Thirdly, President Trump’s mode of operation is itself an issue. In some cases, he appears to have acted not only according to a broad interpretation of his constitutional powers as head of the executive branch, but also according to his personal opinion (and that of his inner circle of advisers). He has circumvented any orderly process of consultation with either administration officials or Congressional leadership. He has also made the unprecedented move of altering the composition of the Principals Committee, which examines issues of national security prior to their discussion by the president and the National Security Council (corresponding to the Israeli “inner cabinet”). Remarkably, Trump replaced representatives of the military as regular attendees of Principals Committee meetings with his adviser Steve Bannon, from the alt-right.

It should be recalled that the bastions of support for Israel within the US government have always been Congress and the military and defense system. That system was once suspicious and hostile, but has learned to appreciate Israel’s contribution over the past few decades. Conduct that weakens those power centers and disproportionately empowers the president is inconsistent with the long-term interests of Israel and its allies.

Number four is a core issue. A polarized America, with a leadership that is raising reservations and even anger among large segments of the American and Western public, will have difficulty defending its traditional principles – one of which is bipartisan commitment to the wellbeing and security of Israel. Those who claim that the Democrats in the US, and the moderate center-left parties in Europe, are “lost causes” (paving the way towards wholehearted identification with Trump and the right) exempt themselves too easily from a difficult but vital political and diplomatic mission: to keep the balance that must be preserved if we are to avoid finding ourselves labeled a political enemy by many in the West.

Fifth and most important, we have a duty to do our utmost to prevent a deepening rupture between Israel and American Jewry. The dealings of the ultra-Orthodox factions against a compromise with non-Orthodox streams on the issue of the Western Wall are already fomenting tension. Antagonizing American Jews threatens not only the cohesion of the Jewish people, but also the national security of the State of Israel, which may be harmed without the constant endeavors of Israel’s friends, particularly in Congress. If American Jews are confirmed in their growing sense that Israel is turning a deaf ear to their concerns about Israeli government positions, the consequences for Israel could be serious.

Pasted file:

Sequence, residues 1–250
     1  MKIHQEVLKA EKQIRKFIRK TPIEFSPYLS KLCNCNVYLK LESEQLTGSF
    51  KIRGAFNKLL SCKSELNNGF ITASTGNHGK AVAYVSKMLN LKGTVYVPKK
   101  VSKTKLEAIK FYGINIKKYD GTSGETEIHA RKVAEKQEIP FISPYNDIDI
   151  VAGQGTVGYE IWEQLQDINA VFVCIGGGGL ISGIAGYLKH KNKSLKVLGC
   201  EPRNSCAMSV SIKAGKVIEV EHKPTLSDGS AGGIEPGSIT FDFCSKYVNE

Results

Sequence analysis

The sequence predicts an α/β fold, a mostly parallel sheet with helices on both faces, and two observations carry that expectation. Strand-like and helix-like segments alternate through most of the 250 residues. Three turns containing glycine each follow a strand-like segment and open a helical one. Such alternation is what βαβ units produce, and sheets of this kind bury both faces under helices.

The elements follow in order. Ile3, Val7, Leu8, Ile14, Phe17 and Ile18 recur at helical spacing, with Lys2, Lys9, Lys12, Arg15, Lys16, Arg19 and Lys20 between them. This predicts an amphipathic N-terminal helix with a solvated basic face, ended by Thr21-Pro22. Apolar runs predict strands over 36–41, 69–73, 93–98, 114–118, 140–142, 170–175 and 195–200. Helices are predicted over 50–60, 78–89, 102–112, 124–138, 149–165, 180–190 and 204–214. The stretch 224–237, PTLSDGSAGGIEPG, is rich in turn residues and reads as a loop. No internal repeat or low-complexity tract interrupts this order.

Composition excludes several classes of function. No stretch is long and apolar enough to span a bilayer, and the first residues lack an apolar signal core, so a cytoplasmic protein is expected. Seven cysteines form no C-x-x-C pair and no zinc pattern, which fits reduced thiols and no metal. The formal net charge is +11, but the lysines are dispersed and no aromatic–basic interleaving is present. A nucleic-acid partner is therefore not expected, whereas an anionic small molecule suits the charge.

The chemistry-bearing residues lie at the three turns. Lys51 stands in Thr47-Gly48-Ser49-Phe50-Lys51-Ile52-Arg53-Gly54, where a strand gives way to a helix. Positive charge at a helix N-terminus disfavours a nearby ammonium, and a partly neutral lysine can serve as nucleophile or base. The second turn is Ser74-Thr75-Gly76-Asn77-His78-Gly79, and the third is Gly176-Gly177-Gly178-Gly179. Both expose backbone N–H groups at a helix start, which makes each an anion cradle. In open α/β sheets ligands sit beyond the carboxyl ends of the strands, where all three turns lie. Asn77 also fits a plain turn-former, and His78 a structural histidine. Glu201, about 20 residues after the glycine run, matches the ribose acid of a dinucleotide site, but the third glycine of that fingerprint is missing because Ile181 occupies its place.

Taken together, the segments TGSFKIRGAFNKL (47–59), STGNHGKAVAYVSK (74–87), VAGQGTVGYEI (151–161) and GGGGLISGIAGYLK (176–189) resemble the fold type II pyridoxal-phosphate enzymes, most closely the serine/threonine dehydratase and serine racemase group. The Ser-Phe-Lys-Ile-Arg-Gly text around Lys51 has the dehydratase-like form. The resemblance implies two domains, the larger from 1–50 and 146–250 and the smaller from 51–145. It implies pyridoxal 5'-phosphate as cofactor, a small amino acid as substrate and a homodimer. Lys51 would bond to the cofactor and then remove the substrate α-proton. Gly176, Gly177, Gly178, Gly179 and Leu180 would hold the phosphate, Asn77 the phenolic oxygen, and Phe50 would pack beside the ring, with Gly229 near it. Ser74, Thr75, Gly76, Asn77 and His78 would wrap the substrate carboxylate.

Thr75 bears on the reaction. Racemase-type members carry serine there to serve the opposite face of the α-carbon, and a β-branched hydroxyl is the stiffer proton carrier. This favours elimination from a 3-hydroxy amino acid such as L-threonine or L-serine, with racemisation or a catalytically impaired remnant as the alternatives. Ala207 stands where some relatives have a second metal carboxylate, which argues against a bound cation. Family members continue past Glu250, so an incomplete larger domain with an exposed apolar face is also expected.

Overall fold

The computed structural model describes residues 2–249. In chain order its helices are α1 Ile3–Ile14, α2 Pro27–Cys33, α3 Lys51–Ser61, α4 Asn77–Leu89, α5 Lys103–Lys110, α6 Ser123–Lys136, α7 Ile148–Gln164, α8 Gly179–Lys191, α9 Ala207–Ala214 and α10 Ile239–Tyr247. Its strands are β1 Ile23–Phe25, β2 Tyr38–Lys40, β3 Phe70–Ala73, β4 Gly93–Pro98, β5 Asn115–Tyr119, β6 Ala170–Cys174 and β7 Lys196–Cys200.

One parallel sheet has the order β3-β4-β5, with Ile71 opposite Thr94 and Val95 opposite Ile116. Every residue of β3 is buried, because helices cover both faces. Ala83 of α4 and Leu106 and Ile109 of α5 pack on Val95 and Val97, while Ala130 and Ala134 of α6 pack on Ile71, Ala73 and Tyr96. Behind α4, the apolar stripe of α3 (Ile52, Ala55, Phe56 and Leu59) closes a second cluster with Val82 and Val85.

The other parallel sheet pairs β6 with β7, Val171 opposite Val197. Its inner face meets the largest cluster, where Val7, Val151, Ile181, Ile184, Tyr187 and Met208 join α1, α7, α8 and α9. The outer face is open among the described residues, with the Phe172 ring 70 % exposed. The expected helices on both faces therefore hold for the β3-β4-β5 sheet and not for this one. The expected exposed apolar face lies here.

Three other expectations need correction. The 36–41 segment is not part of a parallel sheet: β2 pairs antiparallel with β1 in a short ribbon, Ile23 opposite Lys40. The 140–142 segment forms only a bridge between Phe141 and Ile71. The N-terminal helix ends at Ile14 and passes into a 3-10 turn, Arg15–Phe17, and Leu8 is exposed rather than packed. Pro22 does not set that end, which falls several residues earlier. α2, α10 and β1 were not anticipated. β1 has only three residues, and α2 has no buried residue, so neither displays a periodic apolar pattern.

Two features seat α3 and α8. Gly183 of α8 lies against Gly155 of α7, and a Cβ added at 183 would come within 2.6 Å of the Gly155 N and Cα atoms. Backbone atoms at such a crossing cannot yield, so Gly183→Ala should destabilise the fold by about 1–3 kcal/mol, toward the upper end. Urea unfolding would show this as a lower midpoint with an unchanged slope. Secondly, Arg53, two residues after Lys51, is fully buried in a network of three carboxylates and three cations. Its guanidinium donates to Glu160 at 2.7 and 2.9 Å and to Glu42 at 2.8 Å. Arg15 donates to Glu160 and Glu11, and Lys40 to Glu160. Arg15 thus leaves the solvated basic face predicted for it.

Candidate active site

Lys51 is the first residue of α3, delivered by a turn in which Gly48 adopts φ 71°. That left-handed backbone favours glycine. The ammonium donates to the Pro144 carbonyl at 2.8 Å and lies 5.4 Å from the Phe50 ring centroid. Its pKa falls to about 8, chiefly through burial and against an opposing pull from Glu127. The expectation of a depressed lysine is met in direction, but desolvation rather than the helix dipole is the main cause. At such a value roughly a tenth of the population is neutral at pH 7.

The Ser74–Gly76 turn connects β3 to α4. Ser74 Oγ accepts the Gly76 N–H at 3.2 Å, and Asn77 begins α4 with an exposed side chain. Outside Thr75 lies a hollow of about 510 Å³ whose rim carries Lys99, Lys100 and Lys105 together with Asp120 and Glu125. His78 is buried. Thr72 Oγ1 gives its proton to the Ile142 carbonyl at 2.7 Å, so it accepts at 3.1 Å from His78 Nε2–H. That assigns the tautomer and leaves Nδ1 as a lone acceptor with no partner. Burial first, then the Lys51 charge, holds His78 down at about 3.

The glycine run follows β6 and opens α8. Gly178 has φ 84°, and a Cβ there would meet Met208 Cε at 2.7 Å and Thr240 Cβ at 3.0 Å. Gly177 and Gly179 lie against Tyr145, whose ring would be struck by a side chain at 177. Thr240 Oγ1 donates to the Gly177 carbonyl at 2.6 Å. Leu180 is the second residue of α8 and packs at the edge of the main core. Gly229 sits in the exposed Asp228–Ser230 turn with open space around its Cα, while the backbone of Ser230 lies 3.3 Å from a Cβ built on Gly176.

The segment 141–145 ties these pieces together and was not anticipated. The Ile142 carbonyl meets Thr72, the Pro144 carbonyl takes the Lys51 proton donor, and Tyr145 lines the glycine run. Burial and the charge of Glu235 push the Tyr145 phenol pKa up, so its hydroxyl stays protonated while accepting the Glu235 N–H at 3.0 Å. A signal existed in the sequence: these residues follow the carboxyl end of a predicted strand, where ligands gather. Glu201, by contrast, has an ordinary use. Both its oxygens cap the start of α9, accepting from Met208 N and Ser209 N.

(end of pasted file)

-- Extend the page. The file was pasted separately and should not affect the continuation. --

At his meeting with President Trump this week, Prime Minister Netanyahu must do all he can to maximize the potential for enhancing relations, delineating a joint strategy, and realizing symbolic expressions of support and commitment, such as the transfer of the US embassy to Jerusalem. However, a modicum of restraint and caution – and a sympathetic ear towards mainstream American Jewry, whose commitment to Israel is indisputable – would not hurt.

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This is an edited version of an article first published in NRG on February 6, 2017.

Col. (res.) Dr. Eran Lerman is a senior research associate at the BESA Center, and former deputy for foreign policy and international affairs at the National Security Council. He is also a member of the faculty at Shalem College.

BESA Center Perspectives Papers are published through the generosity of the Greg Rosshandler Family

Col. (res.) Dr. Eran Lerman
Col. (res.) Dr. Eran Lerman

(Ph.D. London School of Economics) Member of Faculty, Shalem Academic Center. Former deputy for foreign policy and international affairs at the National Security Council in the Israeli Prime Minister's Office. Held senior posts in IDF Military Intelligence for over 20 years. Also served as Israel director of the American Jewish Committee.